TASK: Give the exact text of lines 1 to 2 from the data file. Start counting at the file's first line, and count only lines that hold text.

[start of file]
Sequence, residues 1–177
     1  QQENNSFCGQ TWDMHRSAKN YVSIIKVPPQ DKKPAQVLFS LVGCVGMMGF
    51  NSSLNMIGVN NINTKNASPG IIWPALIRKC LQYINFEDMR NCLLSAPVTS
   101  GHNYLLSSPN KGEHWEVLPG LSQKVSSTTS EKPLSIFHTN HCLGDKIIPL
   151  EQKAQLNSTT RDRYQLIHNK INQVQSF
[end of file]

Sequence, residues 1–177
     1  QQENNSFCGQ TWDMHRSAKN YVSIIKVPPQ DKKPAQVLFS LVGCVGMMGF